5 days cycling, 2 days resting

347.78km (69.56km / cycling day)
20 hours, 27 minutes, 42 seconds in the saddle

NZ$265.09 (NZ$37.87 / day)

By the Numbers

Monday, January 22nd, 2007

Stats for the 3rd Week (1.15.2006 – 1.21.2006):
Aussie Bay -> Motueka

5 days cycling with 1 easy/rest day
2 days tramping

219.29km (43.86km / cycling day)
NZ$459.22 (NZ$65.60 / day)
14 hours, 9 minutes, 1 second in the saddle

42km of tramping in ~12 hours

We have been pretty consistent in our daily spending at around NZ$65 per day which is approximately US$46. That comes in right under our budget of US$50, but when you add in the gear we have purchased here, transportation costs, and other miscellaneous expenses we are up at US$65 per day. Whoa nellie! We may need to curb our ice cream habit. In addition to costing us money, its getting a little embarassing as tonight Sarah beat a group of children in a sprint to the ice cream truck as it passed through the holiday park. We did get to try a Mr. Whippy though. Sort of like Dairy Queen but a little creamier.

Money, Money, Money, … Moonaay!

Saturday, December 16th, 2006

Cue the Apprentice theme song, I updated the Finances page with the details from our United States road trip. Check them out.


Monday, November 13th, 2006

Bicycles – $5000
Airfare to New Zealand – $2500
Seeing Mordor for yourself – Priceless

It’s time to start taking bets on how much this trip is going to cost. Today Sarah and I did a little tallying and realized we have now spent over $10,000 on this trip and we haven’t left Seattle yet. That magic moment was followed by a couple “What are we doing?”s, “Are you really sure about this?”, and some gutteral moaning on my part. Since neither of us likes to spend money, its hard to swallow the lump sum of money required to prepare for a trip like this, but we both agree it will be well worth it. Check out my accounting skills on our newly updated Finances page.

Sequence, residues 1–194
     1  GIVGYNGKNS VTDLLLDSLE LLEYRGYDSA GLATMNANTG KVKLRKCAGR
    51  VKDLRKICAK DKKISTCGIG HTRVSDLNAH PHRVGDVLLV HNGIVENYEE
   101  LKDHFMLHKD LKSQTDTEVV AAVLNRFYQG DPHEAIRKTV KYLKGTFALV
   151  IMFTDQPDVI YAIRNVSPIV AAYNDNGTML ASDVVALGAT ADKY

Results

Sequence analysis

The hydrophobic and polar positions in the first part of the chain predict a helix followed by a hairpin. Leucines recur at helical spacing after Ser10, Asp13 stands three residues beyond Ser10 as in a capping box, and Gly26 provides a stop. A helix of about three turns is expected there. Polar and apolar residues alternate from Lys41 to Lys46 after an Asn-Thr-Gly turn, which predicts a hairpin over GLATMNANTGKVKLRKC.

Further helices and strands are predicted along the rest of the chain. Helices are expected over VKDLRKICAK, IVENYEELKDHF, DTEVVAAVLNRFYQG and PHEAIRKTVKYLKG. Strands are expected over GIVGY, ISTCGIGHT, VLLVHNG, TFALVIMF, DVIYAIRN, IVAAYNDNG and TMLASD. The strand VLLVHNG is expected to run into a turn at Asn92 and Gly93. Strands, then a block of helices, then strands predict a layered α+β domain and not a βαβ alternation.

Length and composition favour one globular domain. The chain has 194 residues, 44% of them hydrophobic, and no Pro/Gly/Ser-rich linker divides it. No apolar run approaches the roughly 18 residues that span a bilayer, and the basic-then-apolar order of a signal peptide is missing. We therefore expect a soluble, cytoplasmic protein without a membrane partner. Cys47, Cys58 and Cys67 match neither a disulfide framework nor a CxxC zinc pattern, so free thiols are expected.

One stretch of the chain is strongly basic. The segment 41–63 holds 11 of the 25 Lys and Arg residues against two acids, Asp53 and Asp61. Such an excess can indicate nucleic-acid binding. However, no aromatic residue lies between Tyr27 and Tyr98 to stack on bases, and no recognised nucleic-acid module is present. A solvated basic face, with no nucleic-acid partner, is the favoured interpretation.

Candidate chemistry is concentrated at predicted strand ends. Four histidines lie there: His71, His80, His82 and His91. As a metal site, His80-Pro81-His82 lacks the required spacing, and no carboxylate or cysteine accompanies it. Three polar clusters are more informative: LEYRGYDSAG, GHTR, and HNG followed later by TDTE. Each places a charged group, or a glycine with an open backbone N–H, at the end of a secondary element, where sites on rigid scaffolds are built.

Keep on Truckin’

Sunday, October 29th, 2006

I got my Surly Long Haul Trucker this week! Adam and Peter at Counterbalance Bicycles built it up for me and did a great job. The bike is a 60cm, steel frame and fork made of 100% Surly 4130 cro-moly steel. I gave some general guidelines to Adam and he built the bike up to be as simple and reliable as possible for our trip. The wheels are hand-built with Mavic’s heavy duty A719 rims and Shimano Deore XT hubs. The tires are Panaracer T-Servs, which are a little different than the Panaracer Pasela TGs that Sarah has on her bike. We’ve heard varying opinions from the touring community on tires. Some people swear by the Schwalbe Marathons or the Continental Top Touring tires. Those tires seem to be preferred by people who value puncture resistance over comfort. The Panaracers are supposed to be very comfortable tires that also have decent puncture resistance. We are going to ride them for a while before we had overseas to see if they are going to suit our needs. The drivetrain is XT in the rear with Sugino cranks up front and I got a silver Chris King headset for some sex appeal. Adam also put on the Surly Nice Rack on the rear for me. I was originally going to get a Tubus rack, but the Surly rack is amazingly overbuilt and the silver looks cool on my bike. I put on the Brooks Flyer Saddle (Ouch!), SKS Fenders, ESGE kickstand, Jandd Handlebar & Frame Bags, and Ortlieb Bike-Packer Plus rear panniers that we got as wedding gifts (Thanks everyone!), so after I get the front rack and panniers I will be ready to go! I am going to start commuting on the bike to get used to it and make any needed adjustments before we leave. Right now, I’ve got a decent drop between my saddle and my bars and I’m pretty sure I’m going to need to raise my bars up. The total cost for the bike so far is $1764.96 which brings the total for the trip up to a whopping $6602.94.